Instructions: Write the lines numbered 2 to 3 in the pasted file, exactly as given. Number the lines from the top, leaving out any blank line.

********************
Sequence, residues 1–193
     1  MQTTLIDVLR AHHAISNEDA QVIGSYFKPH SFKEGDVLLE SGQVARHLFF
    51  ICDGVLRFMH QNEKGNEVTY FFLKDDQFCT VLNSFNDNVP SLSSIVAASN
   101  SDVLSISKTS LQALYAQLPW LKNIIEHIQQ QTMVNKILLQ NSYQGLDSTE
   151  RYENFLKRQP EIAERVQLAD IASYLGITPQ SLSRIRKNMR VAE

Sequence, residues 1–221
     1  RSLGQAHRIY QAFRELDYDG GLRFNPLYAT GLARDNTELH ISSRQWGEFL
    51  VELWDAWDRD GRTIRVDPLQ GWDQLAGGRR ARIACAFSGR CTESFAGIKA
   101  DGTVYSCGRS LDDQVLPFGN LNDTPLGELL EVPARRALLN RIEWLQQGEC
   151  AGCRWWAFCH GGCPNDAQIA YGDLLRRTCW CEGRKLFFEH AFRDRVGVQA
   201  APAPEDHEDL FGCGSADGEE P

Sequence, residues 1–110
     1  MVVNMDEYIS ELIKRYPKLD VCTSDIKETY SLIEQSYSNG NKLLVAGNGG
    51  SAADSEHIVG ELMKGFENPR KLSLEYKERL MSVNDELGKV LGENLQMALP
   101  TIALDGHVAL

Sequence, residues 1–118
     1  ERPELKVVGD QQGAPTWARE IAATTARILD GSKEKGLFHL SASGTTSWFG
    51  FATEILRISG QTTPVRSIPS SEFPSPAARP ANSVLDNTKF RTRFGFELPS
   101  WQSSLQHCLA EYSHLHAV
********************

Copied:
     1  MQTTLIDVLR AHHAISNEDA QVIGSYFKPH SFKEGDVLLE SGQVARHLFF
    51  ICDGVLRFMH QNEKGNEVTY FFLKDDQFCT VLNSFNDNVP SLSSIVAASN